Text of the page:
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Network Topologies


There are three primary types of network topologies, which refer to the physical and logical layout of the network cabling. They are Bus, Star, and Ring. Bus and Star are the most widely used for Ethernet networks and Ring is used for Token Ring networks.



Low Level Standards

Prior to discussing network topologies, it is necessary to define low level standards. These are guidelines that describe how data (frames) are transmitted across the physical and data link layers of a network. They are developed by the Institute of Electrical and Electronic Engineers. The 802.x standard describes guidelines for Ethernet and Token Ring networks. Standards such as 10 BASE T and 10 BASE 2 describe a specific cable type and other limitations for Ethernet, such as Category 5 unshielded twisted pair for 100 BASE T, or Fast Ethernet.



Bus topology

Bus topology refers to a single cable that connects all the workstations, servers, printers and other devices on the network. The cable runs from device to device by using tee connectors that plug into the network adapter cards. Each end device has a terminator on one end of the tee and a cable going out to the next device on the other end, while all devices in the middle have one cable coming in and one going out. The terminators on each end device simply stop the network signal from reflecting back into the cable and colliding with other transmissions. The most common type of network cable used for a bus topology is RG-58 thin net. The network speed is limited to 10 megabits per second, making it a suitable media for only 10 BASE 2 Ethernet. There are also network size limitations. You may have a maximum of twenty network devices on a segment, and the segment cannot exceed 185 meters in total length. By using a device called a repeater that boosts the signal, you can have up to five segments on a network. However, only three of these segments can have devices attached to them. The other two segments are used to link the three populated segments, giving you a maximum number of sixty devices with a total network length of 925 meters. This topology works equally well for either peer to peer or client server.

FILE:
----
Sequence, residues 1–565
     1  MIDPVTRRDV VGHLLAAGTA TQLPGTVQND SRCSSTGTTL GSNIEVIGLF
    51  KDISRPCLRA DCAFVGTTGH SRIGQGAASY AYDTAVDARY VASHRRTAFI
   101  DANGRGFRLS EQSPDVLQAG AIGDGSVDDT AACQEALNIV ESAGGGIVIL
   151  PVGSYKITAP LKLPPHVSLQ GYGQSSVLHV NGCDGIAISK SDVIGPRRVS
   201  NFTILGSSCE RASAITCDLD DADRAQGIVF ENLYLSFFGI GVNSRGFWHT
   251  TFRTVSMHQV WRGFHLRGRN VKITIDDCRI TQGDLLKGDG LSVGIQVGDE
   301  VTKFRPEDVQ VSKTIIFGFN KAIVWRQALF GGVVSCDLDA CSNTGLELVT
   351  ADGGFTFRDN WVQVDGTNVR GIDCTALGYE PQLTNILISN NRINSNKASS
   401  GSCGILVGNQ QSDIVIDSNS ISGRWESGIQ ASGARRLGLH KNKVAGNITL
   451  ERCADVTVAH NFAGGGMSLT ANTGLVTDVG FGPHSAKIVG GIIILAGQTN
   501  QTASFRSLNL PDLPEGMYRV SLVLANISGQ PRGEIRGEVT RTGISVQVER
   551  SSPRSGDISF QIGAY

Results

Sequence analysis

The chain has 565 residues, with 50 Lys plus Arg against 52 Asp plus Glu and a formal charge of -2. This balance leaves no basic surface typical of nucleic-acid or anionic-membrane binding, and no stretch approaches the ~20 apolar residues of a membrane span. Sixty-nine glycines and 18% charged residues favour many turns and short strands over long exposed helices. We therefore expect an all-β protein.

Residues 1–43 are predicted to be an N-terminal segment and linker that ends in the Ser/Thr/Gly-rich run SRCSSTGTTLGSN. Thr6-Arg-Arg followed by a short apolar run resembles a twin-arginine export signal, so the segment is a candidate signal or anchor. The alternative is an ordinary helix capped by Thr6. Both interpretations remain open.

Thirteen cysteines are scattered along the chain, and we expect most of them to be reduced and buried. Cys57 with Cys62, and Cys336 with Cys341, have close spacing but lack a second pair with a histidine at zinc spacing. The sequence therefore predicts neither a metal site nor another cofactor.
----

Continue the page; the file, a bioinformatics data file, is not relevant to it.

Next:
• Less expensive than a star topology due to less footage of cabling and no network hubs

  • Good for smaller networks not requiring higher speeds



  • Limited in size and speed

  • One bad connector can take down entire network

  • Difficult to troubleshoot



Star Topology

In a star topology, each network device has a home run of cabling back to a network hub, giving each device a separate connection to the network. If there is a problem with a cable, it will generally not affect the rest of the network. The most common cable media in use for star topologies is unshielded twisted pair copper cabling. Category 3 is still found frequently in older installations. It is capable of 10 megabits per second data transfer rate, making it suitable for only 10 BASE T Ethernet. Most new installations use Category 5 cabling. It is capable of data transfer rates of 100 megabits per second, enabling it to employ 100 BASE T Ethernet, also known as Fast Ethernet. More importantly, the brand new 1000 BASE T Ethernet standard will be able to run over most existing Category 5. Finally, fiber optic cable can be used to transmit either 10 BASE T or 100 BASE T Ethernet frames.